The path is steep in sections and it wasn’t long before groups of trees would begin to reappear. Mountains have such a unique look about them, which is so alien to what I would normally see day to day. It’s a pity most of the alpine areas are a solid drive from Melbourne, otherwise I’d be walking them every weekend.




We’d decided to stop for lunch at the Bivouac Hut, which sits at 1420 metres. As we approached it we were suddenly overtaken by the clan we’d shared Cleve Cole Hut with the night before. They were motoring down the spur, but there was a little piece of wisdom passed onto me in the process.

I was still wearing my raincoat that was handy on the summit, but was now a little annoying as the temperature was rising. I was sweating a bit, but knowing the hut was close I intended to disrobe when we stopped for lunch. “Why are you wearing your coat?” I was asked. “You should have taken it off earlier”. I guess I could have, but I wasn’t complaining about it, so I’m not sure what the problem was?!

I must look like a bloke who has never left his house before, as I seem to get opinion overload! Well, literally after being told to take my coat off, we walked around a corner and Bivouac Hut was there. Time for lunch in a nice bush setting. It’s a nice looking hut and I’d love to show you, but I forgot to take any photos of it! I guess I was too interested in filling my guts with food, so I forgot my photographic duties.


Back in the bush on the Staircase Spur

Lunch was handy and now the final section down consisted of forest, which was very humid. It was hard to believe it was the same day that we’d experienced an hour of so earlier. On top of Mt Bogong the wind was blowing, it was cool and there was no semblance of sunshine. Further down though, the sun was blazing and I could feel the temperature rise as I gradually got lower and lower.

The others had raced ahead and I had the track to myself. I was casually strolling down bracing each step with my walking poles, when at the last moment I saw a snake on the track in front of me. I was close to stepping on him, and in avoidance I adopted the position of both feet off the ground, whilst going backwards at the same time. It was a freakish form of levitation which David Blaine would be proud of, and it was a close call as the black snake slowly slithered away.

I must have been the unlucky one, as a short time later I came across an even larger brown coloured snake lying in the middle of the path. I really need to do a snake identification course I think, as my descriptions are lacking a bit. Following my levitation moment, I was on the lookout and I spotted the latest one with plenty of time to spare. A bit of stomping around and he took off into the bush.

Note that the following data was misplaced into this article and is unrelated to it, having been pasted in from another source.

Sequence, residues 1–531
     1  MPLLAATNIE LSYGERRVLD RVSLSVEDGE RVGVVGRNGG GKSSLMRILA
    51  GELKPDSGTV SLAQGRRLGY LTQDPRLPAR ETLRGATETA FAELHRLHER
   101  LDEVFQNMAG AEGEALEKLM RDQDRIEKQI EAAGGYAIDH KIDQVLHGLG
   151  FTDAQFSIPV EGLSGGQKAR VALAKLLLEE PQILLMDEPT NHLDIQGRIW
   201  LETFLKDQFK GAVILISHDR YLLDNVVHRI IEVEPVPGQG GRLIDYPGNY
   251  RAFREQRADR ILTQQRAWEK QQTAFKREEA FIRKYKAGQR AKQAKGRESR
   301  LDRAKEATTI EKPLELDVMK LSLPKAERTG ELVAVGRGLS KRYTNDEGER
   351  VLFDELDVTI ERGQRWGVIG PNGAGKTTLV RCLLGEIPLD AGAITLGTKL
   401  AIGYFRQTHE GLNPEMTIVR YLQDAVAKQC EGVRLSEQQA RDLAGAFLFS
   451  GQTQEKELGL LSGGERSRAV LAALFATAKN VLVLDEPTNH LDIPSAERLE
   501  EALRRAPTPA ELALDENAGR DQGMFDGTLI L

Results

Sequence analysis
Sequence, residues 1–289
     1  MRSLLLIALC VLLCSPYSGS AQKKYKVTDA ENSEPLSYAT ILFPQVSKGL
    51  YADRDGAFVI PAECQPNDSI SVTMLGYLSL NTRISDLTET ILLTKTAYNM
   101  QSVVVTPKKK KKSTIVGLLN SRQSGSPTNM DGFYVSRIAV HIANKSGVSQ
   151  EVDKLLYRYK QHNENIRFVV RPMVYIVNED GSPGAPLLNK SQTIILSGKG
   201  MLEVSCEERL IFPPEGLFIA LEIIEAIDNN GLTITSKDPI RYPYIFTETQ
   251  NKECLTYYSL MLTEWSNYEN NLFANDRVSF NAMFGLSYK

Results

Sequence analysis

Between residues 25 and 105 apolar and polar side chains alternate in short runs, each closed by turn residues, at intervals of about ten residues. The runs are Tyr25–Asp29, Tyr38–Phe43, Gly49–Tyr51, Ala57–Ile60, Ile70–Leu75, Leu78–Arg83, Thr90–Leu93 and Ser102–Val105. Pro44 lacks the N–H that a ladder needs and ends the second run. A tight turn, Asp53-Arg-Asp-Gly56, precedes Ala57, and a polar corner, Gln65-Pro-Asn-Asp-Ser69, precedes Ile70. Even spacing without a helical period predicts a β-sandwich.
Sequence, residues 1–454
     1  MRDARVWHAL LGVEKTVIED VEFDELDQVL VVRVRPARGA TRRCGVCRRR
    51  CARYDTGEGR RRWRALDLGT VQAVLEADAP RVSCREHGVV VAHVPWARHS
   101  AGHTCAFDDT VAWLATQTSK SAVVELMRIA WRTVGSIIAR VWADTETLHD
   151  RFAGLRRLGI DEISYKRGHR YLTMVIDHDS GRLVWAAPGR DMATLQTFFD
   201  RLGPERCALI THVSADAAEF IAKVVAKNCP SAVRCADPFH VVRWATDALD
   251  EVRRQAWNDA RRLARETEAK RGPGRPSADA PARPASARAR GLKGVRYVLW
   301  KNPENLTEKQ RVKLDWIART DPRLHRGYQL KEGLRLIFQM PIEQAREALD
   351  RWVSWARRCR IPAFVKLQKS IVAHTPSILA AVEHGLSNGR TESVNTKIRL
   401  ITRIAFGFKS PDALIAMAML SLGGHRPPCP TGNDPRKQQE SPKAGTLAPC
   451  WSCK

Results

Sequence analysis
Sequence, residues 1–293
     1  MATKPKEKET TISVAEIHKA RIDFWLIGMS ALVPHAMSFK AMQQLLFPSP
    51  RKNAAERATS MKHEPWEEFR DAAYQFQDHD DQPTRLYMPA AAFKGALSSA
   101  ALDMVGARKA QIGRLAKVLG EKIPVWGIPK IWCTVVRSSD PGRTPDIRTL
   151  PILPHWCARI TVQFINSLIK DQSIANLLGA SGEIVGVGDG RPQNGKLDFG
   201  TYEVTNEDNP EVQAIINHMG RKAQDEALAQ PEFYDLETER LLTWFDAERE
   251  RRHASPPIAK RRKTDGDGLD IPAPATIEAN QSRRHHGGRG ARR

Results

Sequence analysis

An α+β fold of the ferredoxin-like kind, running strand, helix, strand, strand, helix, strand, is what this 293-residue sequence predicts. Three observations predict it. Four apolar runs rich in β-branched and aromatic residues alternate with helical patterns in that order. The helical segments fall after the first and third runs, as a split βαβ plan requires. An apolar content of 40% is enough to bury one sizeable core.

The Staircase Spur does seem to go on forever. I was over the walk at this stage, as my still wet feet from the previous day were starting to grizzle a little. I could feel a blister forming on my big toe, which is something I normally never get. Wet socks and downhill walking were pushing my toes right into the front of the boots though.

I hadn’t reached hobble stage, but I was glad when I finally emerged from the bush, back onto the path alongside Mountain Creek. A bit of flat ground does wonders for the feet. It was now a casual half hour stroll back to the circus tent. It certainly was a different scene with the sun out, compared to the previous day. There was still a bit of water about on the path, but nothing too troublesome.


Mountain Creek Road was still a little damp

After some casual walking the parked cars started appearing ahead and the hike was officially over. We’d arrived back at the car park and as an added bonus the circus tent was still set up. It was good thinking by MK, as the warm day in the valley had dried it out from the previous days soaking.

It was a relief to peel the boots from my feet, whilst being entertained by the Cleve Cole Hut clan trying to get their car going. Yes, we had run into them again! They eventually fired it up and powered away. We now had our own fun of the 350 km drive back to Melbourne.

It was a great hike in which the weather gave us a memorably epic trip. The GPS was telling me in the two days, we had walked 30.38 kms and the total elevation climbed was 1670 metres.

By the way, I’ve just finished writing this and it’s way too late for me. That’s my disclaimer if there are a stack of grammar errors! I will correct this page tomorrow when I have a fresh brain instead of the blancmange feeling one that I have now…


Mt Bogong in the distance